Tagged in: page speed

Make Page Load Faster

For a while there I thought all we needed to do was wait for a few months and most North American’s would have fast cable or DSL hook-ups. Even the fanciest sites crammed with eye-popping graphics would download in a breath.

But Wall Street’s telecom melt-down has all but sealed our fat-pipes fate. It looks like most of us will be using dial-up to get on line for several more years if not another decade.

It is always a good idea to hire a professional Website Speed Service to optimize your website, but if you are low on budget here’s what you need to do to get on the right side of this important trend:

Step 1. Start cutting. Right now you can’t do better than to scale back the time it takes your site to load. Last year Zona Research estimated 40 percent of sales were lost due to customers who left a site early after waiting on slow web pages. That translates into $21 billion in lost sales.

If you’ve visited the FedEx site lately to track a package, you may have noticed their pages come up much faster. Now pages download in less than two seconds. Big sites like FedEx have special server tricks up their sleeve, but some of the time-cutting things they do will work for anyone.

Step 2. Reduce those graphics. FedEx took the big jpeg file photo off the page and replaced with a much faster loading gif file graphic. Jpeg files, commonly used for photos, require thousands of colors. A gif file, used for drawings and simpler graphics, can be compressed to include only a few colors.

Think of your favorite cartoon character. Chances are he or she is created with a just a few colors, maybe as few as two. That translates into a graphic that downloads fast. A designer confided you can get killer graphics with just 16 colors.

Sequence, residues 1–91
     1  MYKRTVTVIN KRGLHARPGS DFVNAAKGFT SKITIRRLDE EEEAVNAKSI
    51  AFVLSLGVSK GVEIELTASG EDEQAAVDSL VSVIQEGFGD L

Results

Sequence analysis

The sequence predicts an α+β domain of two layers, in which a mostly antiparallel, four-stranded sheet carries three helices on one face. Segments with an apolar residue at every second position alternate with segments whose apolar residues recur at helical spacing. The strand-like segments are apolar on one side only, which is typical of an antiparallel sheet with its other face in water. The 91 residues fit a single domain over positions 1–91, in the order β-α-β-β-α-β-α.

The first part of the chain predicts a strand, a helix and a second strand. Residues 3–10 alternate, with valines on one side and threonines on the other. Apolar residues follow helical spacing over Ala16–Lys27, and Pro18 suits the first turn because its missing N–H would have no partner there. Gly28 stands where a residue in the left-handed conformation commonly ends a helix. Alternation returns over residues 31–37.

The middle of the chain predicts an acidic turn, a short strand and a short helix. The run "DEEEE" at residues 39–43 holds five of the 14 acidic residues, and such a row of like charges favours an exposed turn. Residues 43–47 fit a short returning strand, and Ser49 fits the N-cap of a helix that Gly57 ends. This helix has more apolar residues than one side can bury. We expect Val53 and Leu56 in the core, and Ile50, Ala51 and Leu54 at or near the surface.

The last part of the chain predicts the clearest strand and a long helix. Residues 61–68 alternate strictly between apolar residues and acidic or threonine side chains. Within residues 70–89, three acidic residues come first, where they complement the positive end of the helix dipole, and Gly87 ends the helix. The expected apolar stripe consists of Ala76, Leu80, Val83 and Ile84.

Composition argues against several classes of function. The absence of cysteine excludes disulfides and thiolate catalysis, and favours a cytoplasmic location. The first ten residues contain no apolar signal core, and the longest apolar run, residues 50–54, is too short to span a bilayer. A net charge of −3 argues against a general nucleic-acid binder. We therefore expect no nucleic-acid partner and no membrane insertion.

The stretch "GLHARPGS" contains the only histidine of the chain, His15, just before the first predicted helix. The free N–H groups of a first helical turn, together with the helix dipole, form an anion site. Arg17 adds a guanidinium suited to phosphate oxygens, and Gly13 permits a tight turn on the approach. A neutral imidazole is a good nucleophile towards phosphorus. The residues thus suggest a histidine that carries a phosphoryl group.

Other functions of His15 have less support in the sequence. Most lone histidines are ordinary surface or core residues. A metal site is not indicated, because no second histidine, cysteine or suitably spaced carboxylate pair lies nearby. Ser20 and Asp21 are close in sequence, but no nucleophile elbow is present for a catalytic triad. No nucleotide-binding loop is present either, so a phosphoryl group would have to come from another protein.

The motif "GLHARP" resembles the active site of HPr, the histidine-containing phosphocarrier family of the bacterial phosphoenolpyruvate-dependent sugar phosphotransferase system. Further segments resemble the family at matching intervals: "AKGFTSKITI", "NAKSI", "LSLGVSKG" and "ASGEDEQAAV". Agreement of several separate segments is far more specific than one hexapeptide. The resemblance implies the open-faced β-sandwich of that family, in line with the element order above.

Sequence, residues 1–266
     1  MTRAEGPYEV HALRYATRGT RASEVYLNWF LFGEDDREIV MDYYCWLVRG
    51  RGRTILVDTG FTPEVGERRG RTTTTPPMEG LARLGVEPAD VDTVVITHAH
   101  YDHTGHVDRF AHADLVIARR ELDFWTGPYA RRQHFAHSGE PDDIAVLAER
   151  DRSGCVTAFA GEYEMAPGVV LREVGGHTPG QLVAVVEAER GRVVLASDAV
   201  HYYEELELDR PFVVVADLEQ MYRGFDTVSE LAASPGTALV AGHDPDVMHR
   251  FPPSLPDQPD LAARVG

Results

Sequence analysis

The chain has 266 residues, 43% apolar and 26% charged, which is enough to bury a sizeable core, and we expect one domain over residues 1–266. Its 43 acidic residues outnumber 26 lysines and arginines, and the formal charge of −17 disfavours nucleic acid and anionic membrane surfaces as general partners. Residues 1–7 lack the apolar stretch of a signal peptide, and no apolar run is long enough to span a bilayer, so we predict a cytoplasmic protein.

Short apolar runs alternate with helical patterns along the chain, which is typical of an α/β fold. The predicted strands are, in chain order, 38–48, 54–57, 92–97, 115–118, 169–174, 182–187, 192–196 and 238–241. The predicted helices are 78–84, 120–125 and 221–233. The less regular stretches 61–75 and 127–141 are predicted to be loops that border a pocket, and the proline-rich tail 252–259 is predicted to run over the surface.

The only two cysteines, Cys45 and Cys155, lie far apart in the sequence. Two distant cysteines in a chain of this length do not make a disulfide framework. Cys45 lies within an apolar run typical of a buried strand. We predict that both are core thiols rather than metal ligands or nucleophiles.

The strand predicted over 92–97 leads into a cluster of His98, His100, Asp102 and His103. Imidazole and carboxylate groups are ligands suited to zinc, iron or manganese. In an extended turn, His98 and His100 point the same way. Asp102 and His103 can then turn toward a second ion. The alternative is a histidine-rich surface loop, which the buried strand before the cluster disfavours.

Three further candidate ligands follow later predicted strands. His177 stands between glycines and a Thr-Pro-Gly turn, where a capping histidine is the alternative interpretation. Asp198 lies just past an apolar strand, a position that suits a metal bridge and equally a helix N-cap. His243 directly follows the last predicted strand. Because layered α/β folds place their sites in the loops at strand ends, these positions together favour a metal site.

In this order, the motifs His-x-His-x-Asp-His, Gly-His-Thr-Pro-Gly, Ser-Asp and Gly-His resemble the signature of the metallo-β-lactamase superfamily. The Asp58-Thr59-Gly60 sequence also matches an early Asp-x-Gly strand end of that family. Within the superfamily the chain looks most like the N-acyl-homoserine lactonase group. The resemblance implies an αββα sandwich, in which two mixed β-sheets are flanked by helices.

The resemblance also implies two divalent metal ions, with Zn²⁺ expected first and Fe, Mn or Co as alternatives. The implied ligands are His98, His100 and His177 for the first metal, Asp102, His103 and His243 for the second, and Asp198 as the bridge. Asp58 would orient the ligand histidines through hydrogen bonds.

FedEx made their pages speedier by replacing the little graphics next to links with HTML dots. The old graphics popped onto the page one by one. Done tastefully, the dots appear instantly and look just as good.

Too slow loading

For outstanding examples of just how good plain old HTML can look. The site is dedicated to clever designers who create outstanding pages all under 5k. Even on the slowest of dial-up lines, these pages load in less than a second.

Step 3. Bag the Java. Java enabled links that change their look when you wave a mouse over them require three different graphics to work. A visitor’s computer also has to take time to interpret the Java code. Use non-Java links instead.

Also reconsider those Java scrolling news headlines. They also take time to load. CNN took their Java ticker down, making their page load faster. Visitors never missed it.

Step 4. Cut down on links. Lots of sites have a big thick forest of links at the bottom of each page. It’s doubtful many visitors even see all of these. If you’ve got more than ten links, you have too many. Cut some out and watch your page load just a bit faster.

While I’m all for copy-intense sites, very long copy can make a huge difference in how fast a page loads. Keep your text at around 300 words on the opening page. Inner pages can be longer.

Step 5. Repeat graphics. One of the best ways to speed up your site is to use the same graphics on every page. Once a graphic
has loaded, it doesn’t have to load again. I like to have a medium-sized logo at the top of the page, then a small logo at the bottom. It adds color and personality to an otherwise plain page, giving your site a feeling of continuity.

Once you’ve paired down your pages, try comparing them to your competition. Clean out the cache on your browser, then time how long it takes your page to load. Now time how long it takes for competitors’ pages to load. Results will vary from one user to the next, but you will get a pretty good idea of where your pages stand.